tea4two4three Fri 07-Aug-15 08:31:27

It's interesting to read what Stacey has said as a large part of the training we did was given to identity an name. I have to admit to being slightly disappointed with DCs name when we were linked as it was so normal and we had been built up to expect something a little unusual grin
We did change his middle name (named after an abusive grandfather which didn't sit right with anyone and even SW and FC were encouraging us to change it) and spent a lot of time choosing one that suits his personality and fits with his lovely first name. So pleased we did as we love it and it really suits him. If he decideds in future he wants to change it back we won't stop him but I really hope he is able to accept it as I think it reflects both families now.

Cabawill Fri 07-Aug-15 08:41:18

As our children were 5 and 3 when placed, we haven't felt able to change their first names. They aren't that unusual generally but I've never met anyone with either of their names and they are the only ones in their schools. They originally both had double barrelled first names which we stopped using when they were placed and each had 3 extra middle names.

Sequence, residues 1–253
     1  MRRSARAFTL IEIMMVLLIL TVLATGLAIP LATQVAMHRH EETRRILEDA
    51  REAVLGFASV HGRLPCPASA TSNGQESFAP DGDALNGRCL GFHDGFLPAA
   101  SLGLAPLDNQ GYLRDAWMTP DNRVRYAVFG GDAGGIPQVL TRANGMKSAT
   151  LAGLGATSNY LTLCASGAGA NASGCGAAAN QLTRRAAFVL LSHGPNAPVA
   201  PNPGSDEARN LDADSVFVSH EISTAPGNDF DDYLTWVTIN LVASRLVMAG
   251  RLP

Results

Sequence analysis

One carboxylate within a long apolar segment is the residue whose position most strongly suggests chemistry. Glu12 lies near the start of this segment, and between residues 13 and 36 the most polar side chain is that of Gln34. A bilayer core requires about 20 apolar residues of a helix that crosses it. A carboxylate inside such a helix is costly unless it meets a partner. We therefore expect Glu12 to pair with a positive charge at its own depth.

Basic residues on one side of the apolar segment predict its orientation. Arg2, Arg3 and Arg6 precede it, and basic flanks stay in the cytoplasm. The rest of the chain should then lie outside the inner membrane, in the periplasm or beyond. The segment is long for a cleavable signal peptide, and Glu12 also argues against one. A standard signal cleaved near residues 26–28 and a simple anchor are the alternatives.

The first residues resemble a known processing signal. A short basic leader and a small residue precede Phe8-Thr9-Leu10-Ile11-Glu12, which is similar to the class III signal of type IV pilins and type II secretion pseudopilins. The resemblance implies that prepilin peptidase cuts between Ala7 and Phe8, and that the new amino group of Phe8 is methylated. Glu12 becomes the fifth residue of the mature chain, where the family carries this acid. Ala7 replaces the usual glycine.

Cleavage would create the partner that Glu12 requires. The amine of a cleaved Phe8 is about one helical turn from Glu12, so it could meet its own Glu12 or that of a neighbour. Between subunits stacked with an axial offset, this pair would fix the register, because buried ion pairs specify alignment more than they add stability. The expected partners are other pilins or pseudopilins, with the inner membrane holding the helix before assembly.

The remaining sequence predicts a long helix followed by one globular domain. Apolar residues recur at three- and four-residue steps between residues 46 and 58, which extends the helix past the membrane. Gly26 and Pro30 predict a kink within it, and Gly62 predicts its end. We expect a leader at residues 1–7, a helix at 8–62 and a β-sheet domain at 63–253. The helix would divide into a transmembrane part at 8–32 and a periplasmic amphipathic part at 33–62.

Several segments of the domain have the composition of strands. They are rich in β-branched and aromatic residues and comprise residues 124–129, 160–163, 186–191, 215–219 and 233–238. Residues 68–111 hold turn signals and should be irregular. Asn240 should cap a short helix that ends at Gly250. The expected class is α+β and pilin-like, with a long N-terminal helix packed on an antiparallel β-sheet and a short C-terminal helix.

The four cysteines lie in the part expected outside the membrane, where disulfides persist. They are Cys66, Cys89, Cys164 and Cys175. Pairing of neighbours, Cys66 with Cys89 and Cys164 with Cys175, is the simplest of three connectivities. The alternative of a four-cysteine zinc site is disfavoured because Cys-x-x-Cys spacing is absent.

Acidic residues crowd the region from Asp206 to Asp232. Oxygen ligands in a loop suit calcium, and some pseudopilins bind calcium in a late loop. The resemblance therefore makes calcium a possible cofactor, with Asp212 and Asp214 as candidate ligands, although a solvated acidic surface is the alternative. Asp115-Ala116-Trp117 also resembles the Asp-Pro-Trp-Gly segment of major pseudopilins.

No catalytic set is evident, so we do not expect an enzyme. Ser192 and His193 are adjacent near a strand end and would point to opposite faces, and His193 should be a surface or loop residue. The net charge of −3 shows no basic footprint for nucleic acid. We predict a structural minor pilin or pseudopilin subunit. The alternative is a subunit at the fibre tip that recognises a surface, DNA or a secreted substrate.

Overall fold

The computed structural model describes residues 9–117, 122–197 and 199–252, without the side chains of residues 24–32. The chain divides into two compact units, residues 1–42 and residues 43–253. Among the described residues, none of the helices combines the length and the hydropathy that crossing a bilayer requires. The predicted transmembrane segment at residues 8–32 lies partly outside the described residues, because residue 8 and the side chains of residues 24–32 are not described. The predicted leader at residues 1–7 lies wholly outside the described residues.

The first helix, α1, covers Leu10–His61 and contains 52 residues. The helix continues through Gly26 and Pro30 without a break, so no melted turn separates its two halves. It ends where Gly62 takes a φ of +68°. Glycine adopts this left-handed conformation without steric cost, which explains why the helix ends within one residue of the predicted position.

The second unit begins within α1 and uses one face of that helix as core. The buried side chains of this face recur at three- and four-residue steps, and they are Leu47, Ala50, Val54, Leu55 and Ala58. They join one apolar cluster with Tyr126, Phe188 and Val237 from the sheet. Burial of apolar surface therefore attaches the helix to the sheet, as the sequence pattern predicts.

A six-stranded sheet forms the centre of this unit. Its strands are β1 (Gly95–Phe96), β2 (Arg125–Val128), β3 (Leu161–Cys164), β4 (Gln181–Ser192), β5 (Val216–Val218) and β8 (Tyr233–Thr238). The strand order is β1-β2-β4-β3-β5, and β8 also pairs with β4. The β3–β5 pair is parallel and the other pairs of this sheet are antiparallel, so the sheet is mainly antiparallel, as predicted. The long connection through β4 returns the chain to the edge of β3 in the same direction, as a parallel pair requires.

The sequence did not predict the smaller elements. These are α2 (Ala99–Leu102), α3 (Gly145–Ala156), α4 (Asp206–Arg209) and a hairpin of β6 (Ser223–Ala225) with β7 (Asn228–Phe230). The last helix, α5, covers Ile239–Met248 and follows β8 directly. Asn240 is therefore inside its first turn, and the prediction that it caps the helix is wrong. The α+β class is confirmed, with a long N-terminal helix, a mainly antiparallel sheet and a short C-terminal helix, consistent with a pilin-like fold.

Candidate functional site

We decided to speak to them about names and asked if as they were getting a new surname from us, first name from BM, if they'd like to choose their own middle name? They loved the idea and thankfully picked lovely names that match the rest of the name. Obviously this approach isn't for everyone but they are very proud of their new name and that's what we wanted to achieve.

SBRMum Sat 08-Aug-15 19:26:58

Changing the first name would make it about us and not the child. It isn't in the child's best interests, hence first name should be kept (unless totally against SW advice).

Velvet1973 Sat 08-Aug-15 19:51:28